Members of the House of Representatives have elected a new Speaker on white ballot, following the removal of criminally indicted Speaker J. Alex Tyler. The new Speaker is Margibi County Representative James Emmanuel Nuquay, who was formally inducted Wednesday, 5 October to steer the affairs of that august body until 2018.
This followed a Supreme Court refusal to grant separate writs of prohibition sought by Montserrado County Representative Adolph Lawrence and former Speaker Tyler. Tyler had challenged his removal from office, while Representative Lawrence sought redress from the High Court for what he termed administrative mal-practices in the House of Representatives.
But Justice in Chambers, Sie Nyene Youh lifted the stay order and declined to issue the writ of prohibition, giving the plenary of the House of Representatives the legal basis to conduct its election, replacing Tyler.
Making the motion of nomination in the joint chambers of the House, Montserrado County Electoral District #8 Representative Acarous Gray said Nuquay has lived above reproach legislatively, served the people of Margibi and the country at large. Gray said besides, Nuquay holds a BSc degree in Economics and is an Attorney-At-Law therefore, he should be given the option to serve as Speaker.
Addressing reporters following his election, Speaker Nuquay promised cordial relationship with his colleagues and the Executive branch of government, stressing that the foremost interest of the state and its people is development.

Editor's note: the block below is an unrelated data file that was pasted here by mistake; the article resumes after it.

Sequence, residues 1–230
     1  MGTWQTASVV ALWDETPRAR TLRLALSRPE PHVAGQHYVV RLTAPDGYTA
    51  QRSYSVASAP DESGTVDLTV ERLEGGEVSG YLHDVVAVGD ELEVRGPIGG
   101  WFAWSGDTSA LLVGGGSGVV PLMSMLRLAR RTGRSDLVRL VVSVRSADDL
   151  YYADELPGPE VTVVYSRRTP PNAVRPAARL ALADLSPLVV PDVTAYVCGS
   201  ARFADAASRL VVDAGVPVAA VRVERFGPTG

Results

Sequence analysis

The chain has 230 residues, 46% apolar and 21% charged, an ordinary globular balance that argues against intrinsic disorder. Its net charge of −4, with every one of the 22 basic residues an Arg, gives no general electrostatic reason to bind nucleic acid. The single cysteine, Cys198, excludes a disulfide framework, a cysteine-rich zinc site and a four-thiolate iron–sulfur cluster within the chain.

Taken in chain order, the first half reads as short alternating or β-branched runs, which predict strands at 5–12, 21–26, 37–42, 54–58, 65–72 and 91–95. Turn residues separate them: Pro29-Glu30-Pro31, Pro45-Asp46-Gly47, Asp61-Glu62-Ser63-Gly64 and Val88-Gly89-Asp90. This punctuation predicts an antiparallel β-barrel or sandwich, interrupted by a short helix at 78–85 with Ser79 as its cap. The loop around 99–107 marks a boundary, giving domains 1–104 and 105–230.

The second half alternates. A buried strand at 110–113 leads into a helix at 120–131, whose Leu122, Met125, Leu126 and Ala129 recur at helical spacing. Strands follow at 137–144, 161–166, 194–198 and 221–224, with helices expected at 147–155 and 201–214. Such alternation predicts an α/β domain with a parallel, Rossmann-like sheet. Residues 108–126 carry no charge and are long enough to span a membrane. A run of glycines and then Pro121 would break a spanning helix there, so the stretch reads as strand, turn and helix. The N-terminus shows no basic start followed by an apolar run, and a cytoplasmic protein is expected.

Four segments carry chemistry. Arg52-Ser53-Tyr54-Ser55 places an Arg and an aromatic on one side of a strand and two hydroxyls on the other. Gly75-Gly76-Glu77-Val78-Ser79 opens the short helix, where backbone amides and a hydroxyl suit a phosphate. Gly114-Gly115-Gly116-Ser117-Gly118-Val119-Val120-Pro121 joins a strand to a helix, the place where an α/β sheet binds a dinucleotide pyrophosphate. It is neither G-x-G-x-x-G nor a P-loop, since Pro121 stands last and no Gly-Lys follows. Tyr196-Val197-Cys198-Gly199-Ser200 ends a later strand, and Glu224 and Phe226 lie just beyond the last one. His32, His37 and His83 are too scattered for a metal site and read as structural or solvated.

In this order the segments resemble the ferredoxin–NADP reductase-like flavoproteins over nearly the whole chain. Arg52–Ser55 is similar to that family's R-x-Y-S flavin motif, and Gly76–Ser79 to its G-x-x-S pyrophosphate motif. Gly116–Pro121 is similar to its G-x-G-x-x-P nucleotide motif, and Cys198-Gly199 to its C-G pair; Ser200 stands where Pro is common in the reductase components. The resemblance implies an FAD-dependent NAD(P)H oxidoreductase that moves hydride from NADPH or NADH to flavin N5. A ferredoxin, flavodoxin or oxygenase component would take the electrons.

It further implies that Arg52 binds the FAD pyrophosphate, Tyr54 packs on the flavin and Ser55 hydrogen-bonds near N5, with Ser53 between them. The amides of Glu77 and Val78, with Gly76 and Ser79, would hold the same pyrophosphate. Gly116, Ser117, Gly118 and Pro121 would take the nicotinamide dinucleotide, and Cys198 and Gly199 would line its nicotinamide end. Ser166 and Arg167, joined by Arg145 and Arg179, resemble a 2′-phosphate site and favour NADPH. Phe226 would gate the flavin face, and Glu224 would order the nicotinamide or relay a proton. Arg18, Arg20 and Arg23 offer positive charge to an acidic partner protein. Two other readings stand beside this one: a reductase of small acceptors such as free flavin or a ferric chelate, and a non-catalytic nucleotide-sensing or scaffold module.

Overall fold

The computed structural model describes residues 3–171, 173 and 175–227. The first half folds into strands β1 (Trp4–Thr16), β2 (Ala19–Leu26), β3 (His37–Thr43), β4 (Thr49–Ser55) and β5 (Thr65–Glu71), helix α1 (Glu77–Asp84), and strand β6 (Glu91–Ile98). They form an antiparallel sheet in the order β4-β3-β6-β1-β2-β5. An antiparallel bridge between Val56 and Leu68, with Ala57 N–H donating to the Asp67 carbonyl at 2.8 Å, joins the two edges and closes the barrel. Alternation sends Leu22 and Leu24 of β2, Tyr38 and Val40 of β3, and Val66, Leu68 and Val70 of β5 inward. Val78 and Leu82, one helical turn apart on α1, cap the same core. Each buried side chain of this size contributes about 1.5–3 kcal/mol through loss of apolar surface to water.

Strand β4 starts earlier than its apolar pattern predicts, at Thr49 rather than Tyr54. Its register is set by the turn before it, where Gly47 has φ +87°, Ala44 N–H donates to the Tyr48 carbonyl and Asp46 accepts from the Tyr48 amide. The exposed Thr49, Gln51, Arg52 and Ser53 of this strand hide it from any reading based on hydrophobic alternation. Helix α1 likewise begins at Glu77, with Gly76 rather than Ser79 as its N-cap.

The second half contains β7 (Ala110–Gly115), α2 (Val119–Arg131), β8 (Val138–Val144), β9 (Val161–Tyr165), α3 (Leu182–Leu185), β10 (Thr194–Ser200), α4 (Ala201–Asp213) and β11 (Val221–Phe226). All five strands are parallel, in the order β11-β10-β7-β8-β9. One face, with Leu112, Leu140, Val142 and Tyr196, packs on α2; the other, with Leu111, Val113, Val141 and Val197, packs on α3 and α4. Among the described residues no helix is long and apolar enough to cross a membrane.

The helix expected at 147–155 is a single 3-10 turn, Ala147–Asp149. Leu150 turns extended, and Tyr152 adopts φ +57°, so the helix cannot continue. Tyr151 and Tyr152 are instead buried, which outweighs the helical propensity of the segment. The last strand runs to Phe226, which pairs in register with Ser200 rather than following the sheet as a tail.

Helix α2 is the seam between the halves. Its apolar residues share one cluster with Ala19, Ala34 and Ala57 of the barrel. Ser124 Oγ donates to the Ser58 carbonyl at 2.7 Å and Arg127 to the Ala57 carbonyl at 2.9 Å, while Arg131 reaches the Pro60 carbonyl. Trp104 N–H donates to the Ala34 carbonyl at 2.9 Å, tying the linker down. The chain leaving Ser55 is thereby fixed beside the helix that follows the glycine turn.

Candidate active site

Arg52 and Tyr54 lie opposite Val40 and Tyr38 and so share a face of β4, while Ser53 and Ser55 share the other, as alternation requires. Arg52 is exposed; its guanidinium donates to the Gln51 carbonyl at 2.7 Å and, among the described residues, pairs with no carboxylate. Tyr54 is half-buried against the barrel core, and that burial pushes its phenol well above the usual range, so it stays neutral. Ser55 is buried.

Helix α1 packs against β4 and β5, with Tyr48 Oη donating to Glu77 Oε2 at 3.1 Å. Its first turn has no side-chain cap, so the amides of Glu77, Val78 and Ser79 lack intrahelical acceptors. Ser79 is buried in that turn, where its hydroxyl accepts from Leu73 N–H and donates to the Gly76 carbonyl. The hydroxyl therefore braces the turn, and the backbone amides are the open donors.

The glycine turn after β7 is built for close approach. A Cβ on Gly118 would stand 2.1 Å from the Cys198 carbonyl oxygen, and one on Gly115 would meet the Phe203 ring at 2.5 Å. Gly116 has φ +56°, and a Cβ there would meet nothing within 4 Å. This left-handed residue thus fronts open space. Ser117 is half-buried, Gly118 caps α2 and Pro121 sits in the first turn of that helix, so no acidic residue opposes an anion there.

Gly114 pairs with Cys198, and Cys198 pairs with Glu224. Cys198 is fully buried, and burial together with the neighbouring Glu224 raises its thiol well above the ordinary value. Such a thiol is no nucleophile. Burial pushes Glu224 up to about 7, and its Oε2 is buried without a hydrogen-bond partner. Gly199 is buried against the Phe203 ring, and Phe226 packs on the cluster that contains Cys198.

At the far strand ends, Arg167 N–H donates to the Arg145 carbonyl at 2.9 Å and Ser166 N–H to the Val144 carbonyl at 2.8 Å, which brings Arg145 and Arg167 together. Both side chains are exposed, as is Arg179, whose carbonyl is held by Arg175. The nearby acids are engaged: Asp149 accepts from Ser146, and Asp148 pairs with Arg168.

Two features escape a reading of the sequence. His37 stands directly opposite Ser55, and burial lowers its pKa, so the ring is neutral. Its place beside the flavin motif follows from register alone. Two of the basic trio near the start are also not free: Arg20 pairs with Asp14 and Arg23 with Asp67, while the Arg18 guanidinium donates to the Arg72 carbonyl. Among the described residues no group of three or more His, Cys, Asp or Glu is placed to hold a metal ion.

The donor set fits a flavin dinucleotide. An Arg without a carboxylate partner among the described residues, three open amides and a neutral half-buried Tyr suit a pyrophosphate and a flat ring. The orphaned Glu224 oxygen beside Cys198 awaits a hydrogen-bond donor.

According to him, the House of Representatives under his leadership will not become rubber stamp as was being perceived by the public, promising to closely work along with colleagues in building strong relationship that brings development to the citizenry.
The session that brought Nuquay onboard as Speaker, also intensified the investigative team constituted by plenary to give Deputy Speaker Han Barchue a last option to submit to investigation.
Plenary had earlier constituted a five-man committee headed by Bong County Representative George Mulbah to investigate Barchue for alleged violation of the House’s standing rule, but the committee Chairman, Representative Mulbah said Deputy Speaker Barchue failed to show up for investigation despite his office reportedly receiving a formal citation.
Representatives Solomon George, Edwin Snowe, George Mulbah, Julius Berrien and few others begged that thet Deputy Speaker should be pardoned following his open apology to plenary.
Meanwhile, the House of Representatives has taken its annual break to return in January.
On September 27, lawmakers at the House of Representatives for the second time removed a sitting speaker for acts of corruption and other administrative reasons.
The first speaker to face such embarrassing situation was Montserrado County Representative Edwin M. Snowe twelve years ago when he was ousted by his colleagues for a letter he unilaterally wrote to the People’s Republic of Taiwan, affirming Liberia’s relationship.
Now, it is Bomi County District #2 Representative J. Alex Tyler, who was compelled to relinquish the Speakership for being criminally indicted in connection with a Global Witness Report, linking him and several other officials to bribery.
Tyler served as Speaker of the House of Representatives from 2007 to September 27, 2016. He is the second longest serving Speaker after the late Richard Henries. Lawmakers who supported his removal were seen in session soliciting signatures and finally obtained a two-thirds majority to kick him out.
The 49 lawmakers prepared a resolution based on the 1986 Constitution of Liberia, referencing Article 49 and Rule 9.1 of the House’s Rules and Procedures as the basis for Tyler’s removal on Tuesday, September 27.
By E. J. Nathaniel Daygbor & Bridgett Milton-Editing by Jonathan Browne